He didn't ask anything

March 03, 2006

This has been a truly extraordinary week in the continuing disaster known as Katrina.

First, six months after the hurricane laid waste to New Orleans, Katrina survivors somehow managed to stage their signature celebration, Mardi Gras - providing a stirring display of homegrown resilience.

Second, Americans got to watch a leaked video of President Bush getting thoroughly briefed on the impending catastrophe the day before the massive storm hit New Orleans and then assuring Gulf Coast disaster planners: "We are fully prepared to not only help you during the storm, but we will move in whatever resources and assets we have at our disposal after the storm" - which turned out to be a sadly hollow promise.

No one who watches the Aug. 28 video of Mr. Bush in a conference room at his Texas ranch receiving briefings - from Michael Brown, the former head of the Federal Emergency Management Agency, and Max Mayfield, of the National Hurricane Center - can say the president wasn't warned.

Mr. Bush was directly told that the approaching storm was frighteningly dangerous, New Orleans' levees might not hold, and there was a big potential for catastrophic damage and deaths - warnings that, of course, turned out to be sadly prophetic.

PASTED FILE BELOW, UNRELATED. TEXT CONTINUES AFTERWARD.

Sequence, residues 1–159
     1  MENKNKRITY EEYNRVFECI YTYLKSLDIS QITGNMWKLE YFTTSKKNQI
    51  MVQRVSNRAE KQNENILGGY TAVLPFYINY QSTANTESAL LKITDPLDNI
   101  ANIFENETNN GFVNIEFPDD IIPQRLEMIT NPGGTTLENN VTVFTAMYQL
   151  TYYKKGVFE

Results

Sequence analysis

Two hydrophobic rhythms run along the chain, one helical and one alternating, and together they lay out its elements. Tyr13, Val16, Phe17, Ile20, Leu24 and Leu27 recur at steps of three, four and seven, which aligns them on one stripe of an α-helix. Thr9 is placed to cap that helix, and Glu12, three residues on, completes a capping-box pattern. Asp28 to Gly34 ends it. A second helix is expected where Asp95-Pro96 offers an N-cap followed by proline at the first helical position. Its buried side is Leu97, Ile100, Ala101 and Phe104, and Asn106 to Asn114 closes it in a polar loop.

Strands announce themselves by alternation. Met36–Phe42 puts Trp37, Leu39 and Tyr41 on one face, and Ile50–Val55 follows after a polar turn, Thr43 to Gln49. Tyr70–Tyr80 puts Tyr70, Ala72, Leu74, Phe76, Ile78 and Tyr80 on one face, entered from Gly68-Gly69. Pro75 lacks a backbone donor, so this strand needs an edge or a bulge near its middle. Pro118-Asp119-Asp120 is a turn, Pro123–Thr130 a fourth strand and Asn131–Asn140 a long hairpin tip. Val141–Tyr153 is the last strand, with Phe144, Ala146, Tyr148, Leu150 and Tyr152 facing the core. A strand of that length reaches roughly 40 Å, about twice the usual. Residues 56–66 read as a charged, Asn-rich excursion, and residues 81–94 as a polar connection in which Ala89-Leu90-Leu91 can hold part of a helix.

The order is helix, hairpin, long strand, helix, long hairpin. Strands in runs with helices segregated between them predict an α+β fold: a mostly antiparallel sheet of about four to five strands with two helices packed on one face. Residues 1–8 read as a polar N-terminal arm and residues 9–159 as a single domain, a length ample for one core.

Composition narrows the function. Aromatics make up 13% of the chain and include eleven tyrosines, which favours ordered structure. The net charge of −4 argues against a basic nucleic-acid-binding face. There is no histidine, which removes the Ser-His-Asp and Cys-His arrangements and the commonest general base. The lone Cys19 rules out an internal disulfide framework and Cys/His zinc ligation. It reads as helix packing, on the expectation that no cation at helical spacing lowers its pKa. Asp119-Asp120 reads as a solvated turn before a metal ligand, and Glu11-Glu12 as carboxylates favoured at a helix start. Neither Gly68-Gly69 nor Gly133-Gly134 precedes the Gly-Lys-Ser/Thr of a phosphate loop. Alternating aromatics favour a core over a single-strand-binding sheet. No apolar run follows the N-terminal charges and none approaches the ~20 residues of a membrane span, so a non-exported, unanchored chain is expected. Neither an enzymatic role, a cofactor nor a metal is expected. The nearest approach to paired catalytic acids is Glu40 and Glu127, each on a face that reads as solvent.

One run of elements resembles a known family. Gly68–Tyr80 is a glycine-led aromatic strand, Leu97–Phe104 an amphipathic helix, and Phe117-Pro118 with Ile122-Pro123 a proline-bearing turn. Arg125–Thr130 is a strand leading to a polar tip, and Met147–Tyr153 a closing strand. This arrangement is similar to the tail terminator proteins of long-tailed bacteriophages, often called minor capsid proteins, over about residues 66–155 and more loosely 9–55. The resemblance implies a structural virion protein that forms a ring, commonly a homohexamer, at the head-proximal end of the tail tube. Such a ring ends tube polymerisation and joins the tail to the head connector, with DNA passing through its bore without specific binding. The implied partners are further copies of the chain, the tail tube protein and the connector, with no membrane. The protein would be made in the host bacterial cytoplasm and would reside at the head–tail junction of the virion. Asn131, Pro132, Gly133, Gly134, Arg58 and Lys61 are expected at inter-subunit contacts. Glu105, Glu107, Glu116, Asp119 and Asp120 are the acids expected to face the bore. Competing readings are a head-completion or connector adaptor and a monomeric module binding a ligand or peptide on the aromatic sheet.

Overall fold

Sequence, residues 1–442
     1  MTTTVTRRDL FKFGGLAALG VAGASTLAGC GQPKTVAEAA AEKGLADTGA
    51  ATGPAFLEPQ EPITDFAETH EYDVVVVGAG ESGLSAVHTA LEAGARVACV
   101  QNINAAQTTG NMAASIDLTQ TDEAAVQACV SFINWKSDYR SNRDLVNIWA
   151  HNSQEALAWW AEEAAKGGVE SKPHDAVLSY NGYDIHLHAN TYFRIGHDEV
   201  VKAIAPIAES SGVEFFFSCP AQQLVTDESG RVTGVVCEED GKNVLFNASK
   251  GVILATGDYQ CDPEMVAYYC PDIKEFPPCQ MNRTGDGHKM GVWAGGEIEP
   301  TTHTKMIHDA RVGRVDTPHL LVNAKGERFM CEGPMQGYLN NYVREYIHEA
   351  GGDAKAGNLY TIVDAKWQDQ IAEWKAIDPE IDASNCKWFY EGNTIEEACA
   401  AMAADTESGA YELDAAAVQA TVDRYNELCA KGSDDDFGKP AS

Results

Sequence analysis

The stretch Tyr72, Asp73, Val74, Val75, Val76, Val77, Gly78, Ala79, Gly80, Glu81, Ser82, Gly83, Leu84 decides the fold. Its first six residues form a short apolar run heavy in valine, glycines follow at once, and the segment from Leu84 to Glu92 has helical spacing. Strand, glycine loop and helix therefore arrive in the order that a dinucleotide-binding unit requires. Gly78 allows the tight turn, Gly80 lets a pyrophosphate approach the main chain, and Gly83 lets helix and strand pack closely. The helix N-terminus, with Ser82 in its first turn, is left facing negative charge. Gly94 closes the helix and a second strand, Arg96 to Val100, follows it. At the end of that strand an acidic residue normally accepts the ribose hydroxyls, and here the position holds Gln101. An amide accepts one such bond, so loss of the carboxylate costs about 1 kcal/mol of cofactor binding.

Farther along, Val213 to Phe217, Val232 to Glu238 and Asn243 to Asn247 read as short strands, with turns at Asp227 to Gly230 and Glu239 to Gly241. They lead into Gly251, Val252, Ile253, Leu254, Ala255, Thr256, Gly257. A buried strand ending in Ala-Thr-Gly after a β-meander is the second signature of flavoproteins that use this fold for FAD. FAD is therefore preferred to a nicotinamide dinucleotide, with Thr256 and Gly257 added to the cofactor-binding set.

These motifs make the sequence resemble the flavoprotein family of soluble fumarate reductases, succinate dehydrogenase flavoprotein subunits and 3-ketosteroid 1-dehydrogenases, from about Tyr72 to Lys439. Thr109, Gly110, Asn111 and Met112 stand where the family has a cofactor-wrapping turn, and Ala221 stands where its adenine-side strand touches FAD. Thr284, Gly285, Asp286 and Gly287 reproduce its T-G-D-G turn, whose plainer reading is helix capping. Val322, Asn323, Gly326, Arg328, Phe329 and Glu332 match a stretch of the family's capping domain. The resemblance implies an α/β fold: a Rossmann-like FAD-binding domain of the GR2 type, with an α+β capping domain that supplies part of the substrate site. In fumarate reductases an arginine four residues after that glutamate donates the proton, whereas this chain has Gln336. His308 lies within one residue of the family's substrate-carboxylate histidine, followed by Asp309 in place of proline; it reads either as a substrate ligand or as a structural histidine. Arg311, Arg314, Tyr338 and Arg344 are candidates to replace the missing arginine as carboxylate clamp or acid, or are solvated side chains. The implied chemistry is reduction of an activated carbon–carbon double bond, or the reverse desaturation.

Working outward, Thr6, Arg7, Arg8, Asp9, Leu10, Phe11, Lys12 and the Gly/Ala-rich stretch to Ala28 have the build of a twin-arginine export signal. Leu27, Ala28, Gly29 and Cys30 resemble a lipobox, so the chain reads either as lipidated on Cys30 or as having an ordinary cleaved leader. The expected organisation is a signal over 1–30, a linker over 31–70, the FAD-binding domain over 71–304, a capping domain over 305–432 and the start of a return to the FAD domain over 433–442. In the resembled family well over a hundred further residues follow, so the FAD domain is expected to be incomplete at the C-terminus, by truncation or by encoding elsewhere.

And here's the rub: The president sat and listened, but his level of interest was such that he didn't ask a single question. Not one. Not about anything.

Apart from Mr. Bush's even more devastating bait-and-switch on Iraq, can there be any graver indictment of this president?

As might be expected, the White House responded this week that Mr. Bush was, indeed, on the ball back then, "completely engaged at all times," according to a spokesman, who added: "I hope people don't draw conclusions from the president getting a single briefing."

In the past, federal Department of Homeland Security officials have said the "fog of war" kept them from grasping and promptly reacting to the disaster. Mr. Brown, who became the administration's chief scapegoat, told the Associated Press on Wednesday that the real problem was a different kind of fog, that of bureaucracy.

We recognize that there likely is a lot of truth to both statements. But most troubling is a third kind of fog - that displayed at one end of a briefing-room table in Crawford.

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